A jury in the United States has found former Minnesota police officer Kimberly Potter guilty of two counts of manslaughter in the fatal April shooting of Black motorist Daunte Wright, which set off mass racial justice protests.
Potter pleaded not guilty to first- and second-degree manslaughter charges in relation to the shooting of Wright, 20, during a traffic stop north of Minneapolis on April 11.
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The 12-member jury found Potter, 49, guilty of both charges on Thursday.
Prosecutors had argued during the trial that Potter, a police veteran, “betrayed her badge” and flouted years of training by mistakenly drawing her firearm instead of her Taser during the fatal incident.
Wright’s family members celebrated the verdict outside the court, Al Jazeera’s John Hendren reported.
— John Hendren (@johnhendren) December 23, 2021
Wright’s killing happened just a few miles north of where Derek Chauvin, a former Minneapolis police officer, was at the same time standing trial for killing George Floyd, a Black man whose 2020 death during an arrest set off protests in US cities over racism and police brutality.
Potter, who was taken away in handcuffs on Thursday after Judge Regina Chu rejected her attorney’s plea for her to be allowed to spend Christmas with family, faces a maximum of 15 years in prison on the most serious charge and 10 years on the second.
Chu ordered Potter taken into custody and held without bail, and scheduled her to be sentenced on February 18.
“The family of Daunte Wright is relieved that the justice system has provided some measure of accountability for the senseless death of their son, brother, father and friend,” civil rights lawyers Benjamin Crump, Antonio Romanucci and Jeff Storms, who represent Wright’s family, said in a statement on Thursday after the verdict was announced.
“From the unnecessary and overreaching tragic traffic stop to the shooting that took his life, that day will remain a traumatic one for this family and yet another example for America of why we desperately need change in policing, training and protocols.”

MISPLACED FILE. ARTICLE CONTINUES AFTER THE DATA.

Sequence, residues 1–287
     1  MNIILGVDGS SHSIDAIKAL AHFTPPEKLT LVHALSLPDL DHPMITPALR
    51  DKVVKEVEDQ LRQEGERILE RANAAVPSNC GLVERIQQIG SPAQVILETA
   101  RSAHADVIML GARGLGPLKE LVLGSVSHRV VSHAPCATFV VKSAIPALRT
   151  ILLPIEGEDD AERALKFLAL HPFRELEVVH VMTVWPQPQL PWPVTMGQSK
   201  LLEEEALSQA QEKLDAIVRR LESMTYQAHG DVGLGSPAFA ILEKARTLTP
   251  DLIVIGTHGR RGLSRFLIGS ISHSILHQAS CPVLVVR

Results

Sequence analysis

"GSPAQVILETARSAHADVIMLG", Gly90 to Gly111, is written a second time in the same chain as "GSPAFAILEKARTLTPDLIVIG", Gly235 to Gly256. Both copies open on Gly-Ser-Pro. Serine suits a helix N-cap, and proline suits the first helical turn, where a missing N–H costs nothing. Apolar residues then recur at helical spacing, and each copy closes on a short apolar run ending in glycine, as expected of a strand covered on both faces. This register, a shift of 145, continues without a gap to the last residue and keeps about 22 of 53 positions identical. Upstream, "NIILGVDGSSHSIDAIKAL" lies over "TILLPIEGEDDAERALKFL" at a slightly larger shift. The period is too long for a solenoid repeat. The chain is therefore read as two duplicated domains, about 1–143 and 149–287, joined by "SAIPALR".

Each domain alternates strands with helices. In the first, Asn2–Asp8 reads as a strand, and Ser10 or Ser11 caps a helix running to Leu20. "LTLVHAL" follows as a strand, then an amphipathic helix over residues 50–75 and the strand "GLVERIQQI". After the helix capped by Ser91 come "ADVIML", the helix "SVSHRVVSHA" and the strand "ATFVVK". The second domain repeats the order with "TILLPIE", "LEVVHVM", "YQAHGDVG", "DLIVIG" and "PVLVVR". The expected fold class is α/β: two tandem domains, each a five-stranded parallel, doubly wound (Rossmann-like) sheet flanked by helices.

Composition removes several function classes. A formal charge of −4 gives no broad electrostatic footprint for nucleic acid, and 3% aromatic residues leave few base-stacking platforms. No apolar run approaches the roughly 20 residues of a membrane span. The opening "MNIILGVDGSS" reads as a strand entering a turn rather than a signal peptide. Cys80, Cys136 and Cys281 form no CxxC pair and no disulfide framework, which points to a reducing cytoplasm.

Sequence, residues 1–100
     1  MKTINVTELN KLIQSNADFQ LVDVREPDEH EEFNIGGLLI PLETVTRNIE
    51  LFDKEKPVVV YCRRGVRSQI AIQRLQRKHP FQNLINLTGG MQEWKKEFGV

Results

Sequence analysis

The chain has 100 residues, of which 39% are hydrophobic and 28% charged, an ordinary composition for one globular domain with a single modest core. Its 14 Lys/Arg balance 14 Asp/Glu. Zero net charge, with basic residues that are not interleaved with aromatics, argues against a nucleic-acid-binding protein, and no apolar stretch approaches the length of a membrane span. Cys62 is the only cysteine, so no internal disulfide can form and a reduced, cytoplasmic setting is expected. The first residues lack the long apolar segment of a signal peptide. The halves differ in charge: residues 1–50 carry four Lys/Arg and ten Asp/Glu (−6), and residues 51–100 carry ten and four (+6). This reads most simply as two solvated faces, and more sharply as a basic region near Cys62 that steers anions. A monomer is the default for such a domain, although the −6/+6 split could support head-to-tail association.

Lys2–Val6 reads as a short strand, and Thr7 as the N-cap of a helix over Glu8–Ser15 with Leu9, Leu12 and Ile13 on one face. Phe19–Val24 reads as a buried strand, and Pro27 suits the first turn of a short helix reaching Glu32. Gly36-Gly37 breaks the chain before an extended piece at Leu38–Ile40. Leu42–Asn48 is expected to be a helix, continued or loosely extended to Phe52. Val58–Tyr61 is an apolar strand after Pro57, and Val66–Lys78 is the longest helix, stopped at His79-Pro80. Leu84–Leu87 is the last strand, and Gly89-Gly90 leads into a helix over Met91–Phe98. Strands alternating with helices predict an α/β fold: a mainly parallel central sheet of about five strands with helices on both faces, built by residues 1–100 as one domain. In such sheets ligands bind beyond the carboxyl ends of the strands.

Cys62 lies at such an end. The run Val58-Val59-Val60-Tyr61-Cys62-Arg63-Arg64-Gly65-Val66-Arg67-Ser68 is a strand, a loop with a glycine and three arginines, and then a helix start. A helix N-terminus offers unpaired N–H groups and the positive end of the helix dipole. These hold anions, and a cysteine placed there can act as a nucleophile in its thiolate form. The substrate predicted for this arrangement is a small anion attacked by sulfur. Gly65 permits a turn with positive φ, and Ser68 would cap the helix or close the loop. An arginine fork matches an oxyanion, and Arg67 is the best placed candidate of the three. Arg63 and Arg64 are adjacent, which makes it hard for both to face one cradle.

The American Civil Liberties Union (ACLU) also welcomed the verdict as offering “a rare glimpse of accountability in an instance of police violence”, but said the fight for justice would continue across the country.
“And real justice means that these situations do not happen in the first place,” Brandon Buskey, director of the ACLU’s criminal law reform project, said in a statement. “The ACLU will continue to fight alongside our allies throughout the country to reimagine a world where Black and other marginalized people like Daunte Wright are free to live a life without the fear of racialized violence.”
The basic facts of Wright’s killing, which was caught on Potter’s body-worn camera and fuelled several nights of racial justice protests in the Brooklyn Center community where it took place and in nearby Minneapolis, were for the most part not in dispute.
The prosecutors and defence lawyers agreed that Potter mistakenly drew the wrong weapon and never meant to kill Wright. At issue was whether the jury would find her actions to be reckless in violation of the state’s manslaughter statutes, or chalk up the incident to a tragic mistake that did not warrant criminal liability.
Potter was training a new officer when the duo pulled Wright over for having expired licence plate tags and an air freshener hanging from the car’s rearview mirror, according to the criminal complaint.
The officers moved to arrest Wright when they discovered he had an outstanding warrant. As he attempted to flee, body camera footage shows Potter yelling, “Taser, Taser, Taser” and “I’ll tase you” before she fired a single shot with her handgun.
Throughout the trial, prosecutors stressed Potter’s 26 years as a police officer, a level of experience they said made her mistake indefensible.
They said she disregarded her training, which included Taser-specific courses in the months before the shooting, and took a conscious and unreasonable risk in using any weapon against the unarmed Wright.
Potter’s lawyers sought to blame Wright for resisting arrest, which they argued had created a dangerous situation and justified her use of force. While acknowledging her mistake, they said her actions were not criminal because she thought she was using her Taser and was unaware she had drawn her handgun.
The defence also leaned heavily on Laurence Miller, a psychologist who testified about “action error”, or when a person takes one action while intending to do another. Miller said such mistakes were common and can be triggered by stress.
To secure a conviction on the first-degree manslaughter charge, prosecutors were required to prove beyond a reasonable doubt that Potter caused Wright’s death while committing the misdemeanour offence of recklessly using a firearm, according to Minnesota law.
For second-degree manslaughter, the jury was required to find Potter was guilty of “culpable negligence”, meaning she created an “unreasonable risk and consciously” took a chance of causing Wright death or serious bodily harm.